I remember the old sign that used to flash outside my old church billboard: ‘I miss the way you used to talk to me as a child.’ It’s not something I’ve often thought about, but it settled at the back of my mind, always there somewhere.
When I was a kid, I was honest, too much so, and open with my emotions and wants. ‘Dear God, please bless my family. But not my sister, she’s mean and I hate her.’ ‘Dear God, thank you for Christmas and everything. I like my book. I did really want that doll though. Can I please have that too?’
The term ‘relationship’ is thrown around quite often but it’s only recently sunk in that it is a relationship. It means appreciating the small things and spending time. It means talking about nothing just for the sake of hanging out. It also means working through the hard.
If I’m angry with a friend or sibling, I don’t cut them out of my life, I have a conversation with them and talk about why I’m feeling that way, be honest. ‘This thing you did really upset me. How do we fix this?’ or ‘I’m angry, give me time to breathe and I’ll come back to you.’ If I’m just upset in general, it’s also nice to talk and get it off my chest.
Funnily enough it only occurred to me recently that this is potentially what I should be doing with God as well. He may be the big boss of the universe and it’s ridiculous to think that we have a direct line to him, but we do. So maybe I should use it to do more than yell. ‘God I’m really angry about this thing. I’m really upset with you. I want to move past this. By the way, thank you for the nice weather today.’ Not: ‘I’m not talking to you.’ Somehow I don’t think that’s what God means by the way you talked as a child.
When it’s tough
Unfortunately, having a conversation with God is easier said than done. It may be a direct line, but we can’t hear his response which can be very trying during the difficult times. Especially when the difficult times don’t stop.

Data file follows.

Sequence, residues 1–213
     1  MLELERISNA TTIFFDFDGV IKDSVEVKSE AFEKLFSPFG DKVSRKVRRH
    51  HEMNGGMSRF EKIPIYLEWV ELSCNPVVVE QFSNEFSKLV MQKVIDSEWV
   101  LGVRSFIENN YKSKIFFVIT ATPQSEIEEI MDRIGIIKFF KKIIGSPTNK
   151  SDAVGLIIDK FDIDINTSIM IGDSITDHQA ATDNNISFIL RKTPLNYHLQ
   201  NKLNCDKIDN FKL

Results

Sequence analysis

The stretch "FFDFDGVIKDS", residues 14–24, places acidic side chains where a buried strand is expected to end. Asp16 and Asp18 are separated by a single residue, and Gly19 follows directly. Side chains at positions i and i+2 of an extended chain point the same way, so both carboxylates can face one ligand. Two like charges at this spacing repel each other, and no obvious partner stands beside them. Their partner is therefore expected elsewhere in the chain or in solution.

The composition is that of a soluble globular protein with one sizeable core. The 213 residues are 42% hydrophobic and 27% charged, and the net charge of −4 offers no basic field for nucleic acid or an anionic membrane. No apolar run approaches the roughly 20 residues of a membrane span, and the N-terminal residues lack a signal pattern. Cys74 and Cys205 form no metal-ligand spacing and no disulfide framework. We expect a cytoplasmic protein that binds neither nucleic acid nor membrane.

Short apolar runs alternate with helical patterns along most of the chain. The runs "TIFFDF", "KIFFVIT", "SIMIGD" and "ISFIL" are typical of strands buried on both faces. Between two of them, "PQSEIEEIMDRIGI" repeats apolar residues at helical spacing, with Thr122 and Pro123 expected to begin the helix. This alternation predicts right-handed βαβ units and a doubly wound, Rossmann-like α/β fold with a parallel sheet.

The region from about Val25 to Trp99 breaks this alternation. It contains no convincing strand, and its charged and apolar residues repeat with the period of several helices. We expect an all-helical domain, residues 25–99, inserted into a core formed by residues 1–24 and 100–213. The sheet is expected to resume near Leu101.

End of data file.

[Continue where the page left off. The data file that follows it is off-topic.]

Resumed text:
The New Testament gives many confusing verses about prayer which I’ve struggled to work through lately. I think a lot of people can quote or paraphrase ‘…my Father will give you whatever you ask in my name. …ask and you will receive’ (John chapter 16, verses 23–24, NIV). There are lots of examples of this throughout the Bible and I think that sometimes we tend to miss the context surrounding those snippets we like to hold onto. Like the story of the scorpion — no parent would give a child a scorpion when they asked for an egg. We can quote ‘…how much more will your Father in heaven give…’ (Luke chapter 11:13 NIV), but often forget that it continues on: ‘…the Holy Spirit to those who ask him.’
I think stories like these are misinterpreted or the most important bits are cut off or missed completely. God isn’t a genie or a magic machine. Like parents who might deny you going out at night or not get you that toy you wanted. It’s not to spite you. There can be a multitude of reasons why they might say no to your requests, but chances are, it’s out of love, never spite.
Sometimes unfortunately for us God works in the same way and we can’t get that explanation part of a conversation. I guess that’s where faith comes in.
When it’s fine
Perhaps most importantly you need to keep the conversation going when things are good, or when maybe they’re not good, but they’re not bad. Give thanks for the small things as well as the big like the nice weather or a kind customer. Thank him for the big things when the difficult times do finally die down. Keep God updated over the day-to-day life and involved.
A couple of friends are living overseas at the moment and just to keep in touch I’ll send random photos of cute animals or the scenery they’re missing in New Zealand and they’ll do the same. We know what the other’s up to due to Facebook just like God knows everything we do and feel but a conversation is so much more personal and involved.
It doesn’t have to be much. Just a ‘I really liked doing this thing today, God.’ You don’t have to be praying for world peace, for miracles or forgiveness all the time. It can just be little prayers of thanks, little hopes for the future, little vents of frustration. Just like when you were a kid.
Mel Cleary is based in windy Wellington and works full-time as a co-ordinator, spending time around her work for writing, crafts and Netflix.
Mel Cleary’s previous articles may be viewed at www.pressserviceinternational.org/mel-cleary.html
Mel Cleary is a writer from windy Wellington, New Zealand studying creative writing at the IIML at Victoria University.